How to make leadership work in anesthesiology

  • Leading Change in Anesthesiology and Perioperative Medicine
  • 1:15-2-:15 p.m. Tuesday
  • West, Room 2022

Bringing change and improving patient care are central to anesthesiology’s role in health care. But implementing and managing change is more than developing novel solutions. Managing change requires leadership.

“Leadership is one of the most studied and least understood subjects of human endeavor,” said Berend Mets, M.B., Ch.B., Ph.D., who is Eric A. Walker Professor and Chair of Anesthesiology & Perioperative Medicine at Penn State College of Medicine and author of the new book Waking Up Safer? An Anesthesiologist’s Record. “Leadership is the engine that drives change. Without leadership, you can’t provide useful, constructive change. The leader’s key goal is to bring productive change.”

Berend Mets, M.B., Ch.B., Ph.D, calls leadership one of the most studied and least understood subjects of human endeavor.

Dr. Mets will discuss the interface between leadership and change during the Tuesday session “Leading Change in Anesthesiology and Perioperative Medicine.” He will draw from his own experiences at Penn State, as well as his work on leadership and the work of J.P. Kotter, Emeritus Professor at Harvard Business School.

The reality is that leadership is difficult –  a reality that has been noted repeatedly since Niccolo Machiavelli wrote about uses and practices of leadership in Renaissance Italy. Yet, leadership is not the same as management.

“Leadership needs far more communication than management,” Dr. Mets said. “Many organizations are over-managed and under-led. Leaders align people, managers order them around. Leadership actually causes some degree of disorganization, whereas management tends to enhance organization. That’s why Gen. Colin Powell called himself the ‘chief disorganizer’ when he was chair of the Joint Chiefs of Staff. That’s the leader’s job, asking how we can do things better, how we can change things for the better and then making it happen.”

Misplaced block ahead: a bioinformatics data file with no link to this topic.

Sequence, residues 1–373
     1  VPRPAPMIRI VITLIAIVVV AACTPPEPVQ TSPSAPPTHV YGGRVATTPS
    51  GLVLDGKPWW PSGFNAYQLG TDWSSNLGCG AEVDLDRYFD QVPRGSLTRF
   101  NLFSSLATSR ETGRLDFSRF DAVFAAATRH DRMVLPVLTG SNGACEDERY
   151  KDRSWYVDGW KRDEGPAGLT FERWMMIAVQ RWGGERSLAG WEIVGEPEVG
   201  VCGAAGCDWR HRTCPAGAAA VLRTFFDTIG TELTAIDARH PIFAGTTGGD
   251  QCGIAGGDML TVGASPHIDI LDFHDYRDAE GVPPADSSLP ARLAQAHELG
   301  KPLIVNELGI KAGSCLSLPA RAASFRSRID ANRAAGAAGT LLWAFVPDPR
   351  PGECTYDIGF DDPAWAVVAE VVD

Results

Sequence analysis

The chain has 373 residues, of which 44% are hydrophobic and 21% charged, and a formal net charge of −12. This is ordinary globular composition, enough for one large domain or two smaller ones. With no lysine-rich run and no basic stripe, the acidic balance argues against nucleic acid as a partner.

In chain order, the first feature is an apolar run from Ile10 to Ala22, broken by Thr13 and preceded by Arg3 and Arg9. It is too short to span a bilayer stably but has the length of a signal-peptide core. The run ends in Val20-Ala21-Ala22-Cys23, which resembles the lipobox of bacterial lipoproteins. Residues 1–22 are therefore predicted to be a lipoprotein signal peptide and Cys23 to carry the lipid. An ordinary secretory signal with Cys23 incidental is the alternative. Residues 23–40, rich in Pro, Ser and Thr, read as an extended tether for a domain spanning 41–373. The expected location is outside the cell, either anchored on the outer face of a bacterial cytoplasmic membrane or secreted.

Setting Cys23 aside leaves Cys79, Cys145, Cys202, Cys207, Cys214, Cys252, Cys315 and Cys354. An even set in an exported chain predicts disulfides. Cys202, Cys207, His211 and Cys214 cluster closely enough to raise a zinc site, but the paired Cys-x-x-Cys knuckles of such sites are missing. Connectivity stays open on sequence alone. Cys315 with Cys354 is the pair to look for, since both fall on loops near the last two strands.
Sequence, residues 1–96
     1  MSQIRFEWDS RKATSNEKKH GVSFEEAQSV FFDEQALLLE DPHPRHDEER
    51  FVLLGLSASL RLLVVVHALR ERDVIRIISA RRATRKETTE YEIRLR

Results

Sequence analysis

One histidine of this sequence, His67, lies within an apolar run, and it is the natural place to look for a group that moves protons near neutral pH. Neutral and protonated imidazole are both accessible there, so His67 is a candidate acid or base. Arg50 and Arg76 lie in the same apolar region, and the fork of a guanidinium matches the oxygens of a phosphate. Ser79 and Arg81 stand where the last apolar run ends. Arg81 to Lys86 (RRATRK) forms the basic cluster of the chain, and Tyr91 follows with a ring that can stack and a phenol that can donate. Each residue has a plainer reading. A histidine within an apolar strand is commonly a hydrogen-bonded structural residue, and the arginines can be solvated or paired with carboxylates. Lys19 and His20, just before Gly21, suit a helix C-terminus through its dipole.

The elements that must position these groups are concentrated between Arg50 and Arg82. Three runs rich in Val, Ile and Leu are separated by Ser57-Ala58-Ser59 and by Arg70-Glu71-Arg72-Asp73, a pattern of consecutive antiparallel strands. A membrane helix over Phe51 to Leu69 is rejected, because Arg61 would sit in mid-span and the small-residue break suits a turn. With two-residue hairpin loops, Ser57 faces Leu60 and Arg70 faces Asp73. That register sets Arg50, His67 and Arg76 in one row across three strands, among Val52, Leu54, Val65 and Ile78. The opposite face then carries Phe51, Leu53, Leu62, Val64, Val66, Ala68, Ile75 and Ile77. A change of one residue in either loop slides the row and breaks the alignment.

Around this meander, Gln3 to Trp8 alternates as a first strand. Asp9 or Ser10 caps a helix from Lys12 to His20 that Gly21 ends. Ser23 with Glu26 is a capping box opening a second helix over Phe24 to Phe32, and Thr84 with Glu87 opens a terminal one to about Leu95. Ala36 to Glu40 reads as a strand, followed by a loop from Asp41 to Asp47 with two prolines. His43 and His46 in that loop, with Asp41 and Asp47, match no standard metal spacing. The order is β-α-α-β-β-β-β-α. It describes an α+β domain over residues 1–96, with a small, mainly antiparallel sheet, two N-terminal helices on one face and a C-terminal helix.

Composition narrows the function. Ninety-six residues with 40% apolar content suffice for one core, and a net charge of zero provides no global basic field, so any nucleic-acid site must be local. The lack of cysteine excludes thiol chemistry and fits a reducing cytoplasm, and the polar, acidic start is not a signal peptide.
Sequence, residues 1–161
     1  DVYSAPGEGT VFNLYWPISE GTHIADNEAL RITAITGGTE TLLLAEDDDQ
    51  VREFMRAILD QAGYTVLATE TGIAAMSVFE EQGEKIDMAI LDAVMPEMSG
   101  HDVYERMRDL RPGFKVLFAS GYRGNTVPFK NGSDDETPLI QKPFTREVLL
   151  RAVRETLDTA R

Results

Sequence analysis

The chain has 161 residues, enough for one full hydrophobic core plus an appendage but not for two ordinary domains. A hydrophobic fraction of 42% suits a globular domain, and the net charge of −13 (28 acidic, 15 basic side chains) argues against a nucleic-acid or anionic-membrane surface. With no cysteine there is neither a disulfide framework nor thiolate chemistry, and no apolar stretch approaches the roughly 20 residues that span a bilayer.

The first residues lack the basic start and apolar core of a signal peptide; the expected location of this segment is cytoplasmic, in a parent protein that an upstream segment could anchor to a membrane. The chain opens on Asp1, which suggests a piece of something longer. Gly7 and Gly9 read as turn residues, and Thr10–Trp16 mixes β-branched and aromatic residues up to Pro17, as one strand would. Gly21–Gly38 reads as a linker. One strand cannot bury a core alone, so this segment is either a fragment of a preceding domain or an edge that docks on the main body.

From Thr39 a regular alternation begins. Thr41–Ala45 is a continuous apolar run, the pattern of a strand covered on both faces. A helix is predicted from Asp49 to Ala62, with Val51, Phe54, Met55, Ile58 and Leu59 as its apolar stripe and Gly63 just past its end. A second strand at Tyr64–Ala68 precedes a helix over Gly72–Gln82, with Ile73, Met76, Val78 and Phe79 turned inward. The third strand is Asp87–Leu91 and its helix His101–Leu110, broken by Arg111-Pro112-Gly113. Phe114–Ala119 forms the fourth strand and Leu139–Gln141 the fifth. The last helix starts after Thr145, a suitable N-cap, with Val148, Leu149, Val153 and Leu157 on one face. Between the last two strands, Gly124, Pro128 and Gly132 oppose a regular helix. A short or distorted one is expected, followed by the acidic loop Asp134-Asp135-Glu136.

Change requires a combination of vision and faith.

Vision is the ability to imagine change, imagine different ways of accomplishing goals and to imagine more effective ways to do the things organizations do. To change things for the better, we must turn imagination into a vision that others can understand, adopt and follow.

“Without a sense of direction and a vision of a better future, it is difficult to get people to change,” Dr. Mets said. “It can be as simple as a goal of enhancing turnaround time in the operating room. You turn that goal into a vision by showing how, if we do this, when we do this, it will make all of our lives easier and better. That inspires the faith needed to implement change to achieve the vision.”

Faith is the willingness to step into the unknown; taking a leap into the future without knowing for sure where the leap will take you. Change managers often compare creating the necessary urgency for the change initiative to a burning platform. The analogy comes from the 1980s when a North Sea oil rig caught fire and crew members had to take a leap of faith, into the cold, dark sea below, with the hope that they would be saved by lifeboats deployed beneath.

“The urgency and energy that leaders bring will ultimately result in useful change,” Dr. Mets said. “Without a leap of faith and urgency, the vision will go nowhere.”

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